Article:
RECAP: LBC Demonstration Project

By Amy Cornelius

Posted September 13, 2019


The Living Building challenge Infill Affordable Housing Demonstration Project


The Living Building Challenge (LBC) is a building certification program, advocacy tool, and philosophy that defines the most advanced measure of sustainability in the built environment possible today. The Living Future Community of Green Building United facilitates LBC educational events designed to teach and collaboratively learn from others in the design and construction industry.

In early 2018, the Community developed the idea of the Infill Affordable Housing Demonstration Project (DP), pairing a living project and real client to foster fun, hands-on learning about the LBC Petal Imperatives while garnering practical knowledge about how to achieve certification. Between April 2018 and July 2019, the DP brought together individuals and organizations to collaborate and envision an affordable housing development that was healthful, environmentally sustainable, and beautiful.

With our sponsor and potential developer, Community Ventures, we discovered that: 

  • Aspiring to full LBC standards in a dense, urban environment like Philadelphia poses challenges and opportunities
  • By focusing advocacy efforts on improving shared and centralized infrastructure systems, such a project may be feasible and has the potential to not only provide an inspiring living environment for future residents, but to positively affect the quality of life for all Philadelphians

By the Numbers

10 Public Charrettes

90+ Organizations 

200+ Attendees 

2000+ Volunteer Hours 

20180404 185759

The Process

While the DP mimicked a comprehensive design process, it was important to introduce and examine the details of the imperatives by working through the LBC Petals in a linear manner, as many volunteers had never worked on an LBC project before. To develop the project in a more holistic manner, we used the Petal requirements for Beauty, Health & Happiness, and Equity as a unifying lens. By keeping these imperatives in the forefront of our discussions, we anticipated issues and design edits that would likely be necessary if a team progressed through the challenge in a linear manner. Applying this unifying lens during each workshop infused a more holistic approach throughout conversations and design development.

The Outcome

At the final Lessons Learned Workshop, we unveiled the group’s design solution to the challenge of achieving an LBC affordable housing development.

During the course of the DP, a Regulatory Roadblock document was created that identified specific obstacles to certification achievement, and: 

  • Provided strategies to overcome these obstacles
  • Pointed to possible advocacy collaborators
  • Highlighted case study examples of successful strategies.


This living document is accessible to the entire Green Building United community so it can grow and change, be used as a reference tool, and guide LBC advocacy efforts.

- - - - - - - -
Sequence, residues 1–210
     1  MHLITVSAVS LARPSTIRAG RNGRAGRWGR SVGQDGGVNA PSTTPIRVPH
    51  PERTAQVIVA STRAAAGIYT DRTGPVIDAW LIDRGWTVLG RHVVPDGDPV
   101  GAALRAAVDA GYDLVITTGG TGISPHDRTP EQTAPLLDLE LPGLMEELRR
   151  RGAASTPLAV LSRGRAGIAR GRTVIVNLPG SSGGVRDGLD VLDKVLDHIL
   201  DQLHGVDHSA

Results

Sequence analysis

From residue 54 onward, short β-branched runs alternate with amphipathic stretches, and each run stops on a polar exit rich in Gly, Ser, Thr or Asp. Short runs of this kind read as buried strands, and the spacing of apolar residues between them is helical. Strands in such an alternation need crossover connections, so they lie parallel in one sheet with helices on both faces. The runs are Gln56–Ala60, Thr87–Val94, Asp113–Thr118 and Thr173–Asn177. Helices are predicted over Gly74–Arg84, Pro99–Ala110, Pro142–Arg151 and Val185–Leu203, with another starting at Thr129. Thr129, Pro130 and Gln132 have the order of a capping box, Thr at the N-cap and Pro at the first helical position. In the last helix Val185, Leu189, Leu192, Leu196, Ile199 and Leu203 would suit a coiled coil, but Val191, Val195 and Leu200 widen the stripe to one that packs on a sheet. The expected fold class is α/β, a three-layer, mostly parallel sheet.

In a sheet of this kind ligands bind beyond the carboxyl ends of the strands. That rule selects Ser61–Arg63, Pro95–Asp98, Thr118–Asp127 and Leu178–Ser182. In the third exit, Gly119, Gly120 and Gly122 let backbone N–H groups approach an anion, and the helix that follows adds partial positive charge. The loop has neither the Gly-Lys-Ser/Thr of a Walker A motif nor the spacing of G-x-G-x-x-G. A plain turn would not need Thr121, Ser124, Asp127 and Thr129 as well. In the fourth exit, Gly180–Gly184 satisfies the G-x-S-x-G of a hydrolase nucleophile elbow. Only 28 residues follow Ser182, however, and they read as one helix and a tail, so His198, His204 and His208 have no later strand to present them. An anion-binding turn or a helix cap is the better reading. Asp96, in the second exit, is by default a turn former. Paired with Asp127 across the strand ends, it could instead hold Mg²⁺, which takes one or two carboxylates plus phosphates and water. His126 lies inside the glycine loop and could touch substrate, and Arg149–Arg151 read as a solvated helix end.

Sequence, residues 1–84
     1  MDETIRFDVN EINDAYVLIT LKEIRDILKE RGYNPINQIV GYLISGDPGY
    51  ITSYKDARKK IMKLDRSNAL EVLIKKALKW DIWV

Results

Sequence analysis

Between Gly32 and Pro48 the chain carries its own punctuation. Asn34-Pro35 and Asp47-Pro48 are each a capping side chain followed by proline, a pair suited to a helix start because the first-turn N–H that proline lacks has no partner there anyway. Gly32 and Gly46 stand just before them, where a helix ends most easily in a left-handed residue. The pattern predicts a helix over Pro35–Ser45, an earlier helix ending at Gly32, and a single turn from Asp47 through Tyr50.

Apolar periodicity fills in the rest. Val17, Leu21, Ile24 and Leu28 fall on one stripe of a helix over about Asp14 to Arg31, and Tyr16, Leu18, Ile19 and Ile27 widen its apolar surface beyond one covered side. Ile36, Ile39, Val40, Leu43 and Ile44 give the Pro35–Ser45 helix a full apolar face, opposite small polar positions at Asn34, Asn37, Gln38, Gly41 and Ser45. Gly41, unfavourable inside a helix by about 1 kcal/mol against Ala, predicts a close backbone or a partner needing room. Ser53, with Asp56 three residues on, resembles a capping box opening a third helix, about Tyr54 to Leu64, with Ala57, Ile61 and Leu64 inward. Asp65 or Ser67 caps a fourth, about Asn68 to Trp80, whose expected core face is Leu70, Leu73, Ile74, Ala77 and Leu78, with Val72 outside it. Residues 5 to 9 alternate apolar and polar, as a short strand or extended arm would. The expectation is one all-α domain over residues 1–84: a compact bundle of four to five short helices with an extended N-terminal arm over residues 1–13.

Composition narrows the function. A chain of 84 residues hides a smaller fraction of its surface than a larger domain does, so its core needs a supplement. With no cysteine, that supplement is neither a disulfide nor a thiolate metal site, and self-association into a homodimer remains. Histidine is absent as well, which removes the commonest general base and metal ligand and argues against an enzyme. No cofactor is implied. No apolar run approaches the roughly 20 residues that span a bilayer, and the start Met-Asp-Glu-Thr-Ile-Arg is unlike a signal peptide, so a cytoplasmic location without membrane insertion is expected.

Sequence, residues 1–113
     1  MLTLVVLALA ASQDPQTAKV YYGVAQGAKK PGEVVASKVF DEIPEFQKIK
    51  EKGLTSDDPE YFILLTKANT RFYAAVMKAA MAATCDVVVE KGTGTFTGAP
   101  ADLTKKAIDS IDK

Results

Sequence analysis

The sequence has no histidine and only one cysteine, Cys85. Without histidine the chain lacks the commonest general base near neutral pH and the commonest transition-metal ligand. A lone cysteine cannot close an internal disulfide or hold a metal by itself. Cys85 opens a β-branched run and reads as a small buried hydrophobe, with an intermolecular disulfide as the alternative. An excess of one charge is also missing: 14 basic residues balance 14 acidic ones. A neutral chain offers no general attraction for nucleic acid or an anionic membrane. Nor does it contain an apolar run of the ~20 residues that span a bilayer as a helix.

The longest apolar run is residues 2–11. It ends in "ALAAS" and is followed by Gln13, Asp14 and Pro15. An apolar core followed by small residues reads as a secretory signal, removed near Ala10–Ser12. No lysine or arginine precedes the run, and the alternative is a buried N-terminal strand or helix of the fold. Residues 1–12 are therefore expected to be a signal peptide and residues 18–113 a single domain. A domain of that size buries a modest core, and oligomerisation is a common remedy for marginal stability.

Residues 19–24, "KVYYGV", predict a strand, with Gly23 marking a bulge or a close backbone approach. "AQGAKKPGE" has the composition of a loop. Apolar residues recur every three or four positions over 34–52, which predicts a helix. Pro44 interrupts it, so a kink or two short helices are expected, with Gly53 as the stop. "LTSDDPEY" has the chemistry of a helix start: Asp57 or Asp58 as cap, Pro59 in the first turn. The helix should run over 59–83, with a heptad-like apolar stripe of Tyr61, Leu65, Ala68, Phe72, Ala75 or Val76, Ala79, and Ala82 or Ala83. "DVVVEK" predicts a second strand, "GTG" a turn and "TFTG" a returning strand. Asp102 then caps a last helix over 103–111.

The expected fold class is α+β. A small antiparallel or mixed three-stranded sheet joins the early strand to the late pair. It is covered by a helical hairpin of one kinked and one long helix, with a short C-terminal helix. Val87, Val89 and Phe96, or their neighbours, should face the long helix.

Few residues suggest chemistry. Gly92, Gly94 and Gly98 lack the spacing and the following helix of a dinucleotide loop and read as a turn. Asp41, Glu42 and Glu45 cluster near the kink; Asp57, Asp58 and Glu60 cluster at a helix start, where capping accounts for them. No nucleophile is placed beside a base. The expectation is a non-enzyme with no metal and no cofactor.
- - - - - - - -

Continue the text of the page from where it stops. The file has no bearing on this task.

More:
The idea of raising the health and welfare of the entire City of Philadelphia by connecting LBC affordable housing development to centralized and community-based systems is compelling and moves the standard from benefit-of-the-few to benefit-of-the-many.

View the Regulatory Roadblocks Document

Next Steps

Five key actions are needed to overcome roadblocks to achieve LBC Certification and scale up the use of it in framing affordable housing projects:

  • Advocate for the development of consistent, reliable financing sources and incentives specifically for affordable housing projects and generally for high performance building projects. 

  • Advocate for a balanced solution to water use that complements the City’s centralized supply and treatment infrastructure while working with the International Living Future Institute to create a "carve-out" for dense, urban environment projects. 

  • Advocate for community solar in Pennsylvania and the extension of the Federal ITC for solar to reduce first costs and broaden the project’s access to sun by scale jumping.

  • Advocate for an open source materials and product database of existing Red List-free products, and for a PHFA points system incentive for the use of safer materials and phased legislation to label/ban chemicals on the Red List.

  • Advocate for market transformation from a closed loop system to net positive waste and circular economy.

The Living Future Community has launched into these next steps by touring the Philadelphia Water Department’s NE sewage treatment plant and its contracted Synagro composting facility. Next the Community plans to pit that learning against the LBC criteria to identify ways to improve. Using the power of education and advocacy, the Community hopes to change the may be feasible to is feasible and then to take that is and scale it up to benefit all. 

If interested in getting involved in the discussion/implementation of next steps, please contact Amy Cornelius.

synagro sludge dewatering facility

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